Zoetis Announces USDA Licensure of VANGUARD®crLyme Vaccine for Dogs
First and only canine Lyme disease vaccine that can help address outer surface protein C variability
FLORHAM PARK, N.J. – January 6, 2016 – Zoetis Inc. today announced that the U.S. Department of Agriculture (USDA) has licensed VANGUARD®crLyme vaccine to aid in the prevention of clinical disease and subclinical arthritis associated with Borrelia burgdorferi, the causative agent of Lyme disease in dogs. This next-generation vaccine has been developed to drive an immune response against two of the bacterium’s most relevant proteins – outer surface protein A (OspA) and outer surface protein C (OspC).
VANGUARD® crLyme is a multivalent vaccine which contains an OspA protein and a single OspC protein that is composed of antigenic material from seven common types of OspC found in Lyme-infected dogs in the U.S.1 Its uniquely targeted design helps provide a broad spectrum of coverage while delivering a low-reactive vaccine by minimizing the amount of extraneous proteins administered to the dog.
The new vaccine has been demonstrated to be safe and efficacious in laboratory and field studies. VANGUARD® crLyme will be administered in two doses, three weeks apart, to healthy dogs eight weeks of age or older. Annual re-vaccination is recommended for maximum protection.
“Lyme is a serious and common disease that you want to help prevent, rather than treat,” said Shelley L. Stanford, DVM, MS, MBA, Group Director, Companion Animal Division Veterinary Professional Services at Zoetis. “We are pleased to be able to offer veterinarians the first and only vaccine that considers the variability of OspC in a selectively designed formulation that also minimizes extraneous proteins.”
Scientific research has demonstrated that there are multiple variants of OspC that have been associated with Lyme-infected dogs.1 Stimulating the immune system to develop a relevant OspC response has been challenging because until today, it was not immunologically feasible to develop a vaccine that includes whole-length OspC proteins.2 Existing commercially available vaccines contain at most only one type of OspC.
“Lyme disease presents a growing threat to dogs across the U.S.,” said Richard E. Goldstein, DVM, DACVIM, DECVIM-CA, Chief Medical Officer at the Animal Medical Center in New York City. “As people travel with their pets more often, cases of Lyme disease are being diagnosed well outside of the Northeast, where Lyme has historically been most prevalent. As an essential aspect of complete Lyme prevention, vaccinations help assure owners that their dogs are protected at home or away. We welcome this new and unique vaccine to help pets avoid the debilitating effects of Lyme disease.”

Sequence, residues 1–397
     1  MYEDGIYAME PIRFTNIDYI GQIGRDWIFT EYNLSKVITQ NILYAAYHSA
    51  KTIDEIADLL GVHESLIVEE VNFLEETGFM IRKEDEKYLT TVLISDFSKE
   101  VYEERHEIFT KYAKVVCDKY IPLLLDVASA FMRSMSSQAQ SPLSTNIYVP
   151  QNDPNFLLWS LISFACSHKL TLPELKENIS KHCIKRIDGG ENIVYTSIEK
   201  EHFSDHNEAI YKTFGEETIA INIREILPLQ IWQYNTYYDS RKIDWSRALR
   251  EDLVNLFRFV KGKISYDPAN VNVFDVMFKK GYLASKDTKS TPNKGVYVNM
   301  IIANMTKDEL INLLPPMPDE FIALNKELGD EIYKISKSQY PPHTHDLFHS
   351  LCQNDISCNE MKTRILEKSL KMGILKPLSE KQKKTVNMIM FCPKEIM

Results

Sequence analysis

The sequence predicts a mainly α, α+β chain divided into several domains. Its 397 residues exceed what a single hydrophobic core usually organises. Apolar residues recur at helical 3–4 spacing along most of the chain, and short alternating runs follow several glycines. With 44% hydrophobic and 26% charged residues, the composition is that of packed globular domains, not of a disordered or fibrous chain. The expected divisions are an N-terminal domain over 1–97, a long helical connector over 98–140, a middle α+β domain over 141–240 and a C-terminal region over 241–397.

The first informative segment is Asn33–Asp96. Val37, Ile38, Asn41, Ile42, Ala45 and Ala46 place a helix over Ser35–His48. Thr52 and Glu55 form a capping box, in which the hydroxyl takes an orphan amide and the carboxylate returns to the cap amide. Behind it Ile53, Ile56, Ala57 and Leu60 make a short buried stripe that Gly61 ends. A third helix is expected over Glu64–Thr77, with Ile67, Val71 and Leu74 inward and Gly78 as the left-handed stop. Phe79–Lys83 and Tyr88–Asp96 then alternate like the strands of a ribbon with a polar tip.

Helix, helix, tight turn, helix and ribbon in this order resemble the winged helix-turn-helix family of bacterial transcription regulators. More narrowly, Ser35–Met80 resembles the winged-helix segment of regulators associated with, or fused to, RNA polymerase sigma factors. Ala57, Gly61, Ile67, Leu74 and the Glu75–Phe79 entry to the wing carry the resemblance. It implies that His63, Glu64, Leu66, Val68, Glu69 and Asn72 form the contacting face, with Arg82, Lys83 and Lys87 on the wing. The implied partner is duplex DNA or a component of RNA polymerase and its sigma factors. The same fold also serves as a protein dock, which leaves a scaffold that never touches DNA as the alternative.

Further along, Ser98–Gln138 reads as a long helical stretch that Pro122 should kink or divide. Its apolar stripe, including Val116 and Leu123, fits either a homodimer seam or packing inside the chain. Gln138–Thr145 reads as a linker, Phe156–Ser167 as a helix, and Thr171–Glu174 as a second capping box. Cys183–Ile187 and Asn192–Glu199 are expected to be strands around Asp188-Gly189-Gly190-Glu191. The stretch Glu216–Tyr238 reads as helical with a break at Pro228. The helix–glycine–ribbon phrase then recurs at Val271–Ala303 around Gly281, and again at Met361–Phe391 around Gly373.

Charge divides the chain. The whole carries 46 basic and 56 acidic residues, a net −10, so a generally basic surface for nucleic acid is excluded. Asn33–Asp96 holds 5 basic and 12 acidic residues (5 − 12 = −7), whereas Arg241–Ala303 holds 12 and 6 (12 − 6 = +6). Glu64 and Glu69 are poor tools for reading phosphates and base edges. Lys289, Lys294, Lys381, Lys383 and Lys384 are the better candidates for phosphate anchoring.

According to the Companion Animal Parasite Council™, one out of 16 dogs tested will receive a positive diagnosis of Lyme disease.3 The Baker Institute for Animal Health at Cornell University reports that Lyme disease is now one of the most common vector-borne diseases seen in dogs in the U.S.4
For more information about this new vaccine, please visit www.VanguardcrLyme.com or call Zoetis Customer Service at 1-888-Zoetis1 (1-888-963-8471).
Zoetis (zô-EH-tis) is the leading animal health company, dedicated to supporting its customers and their businesses. Building on more than 60 years of experience in animal health, Zoetis discovers, develops, manufactures and markets veterinary vaccines and medicines, complemented by diagnostic products and genetic tests and supported by a range of services. In 2014, the company generated annual revenues of $4.8 billion. With approximately 10,000 employees worldwide at the beginning of 2015, Zoetis serves veterinarians, livestock producers and people who raise and care for farm and companion animals with sales of its products in 120 countries. For more information, visit www.zoetisUS.com.
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1 Rhodes DV, Earnhart CG, Mather TN, Meeus PF, Marconi RT. Identification of Borrelia burgdorferi OspC genotypes in canine tissue following tick infestation: implications for Lyme disease vaccine and diagnostic assay design. Vet J. 2013;198(2):412-418.
2 Dr. Richard Marconi personal communication.
3 Companion Animal Parasite Council. CAPC Parasite Prevalence Maps 2015. http://www.capcvet.org/parasite-prevalence-maps/. Accessed August 24, 2015.
4 Cornell University School of Veterinary Medicine Baker Institute of Animal Health, “An Overview of Lyme Disease in Dogs.” http://bakerinstitute.vet.cornell.edu/animalhealth/page.php?id=1101 Accessed August 26, 2015.
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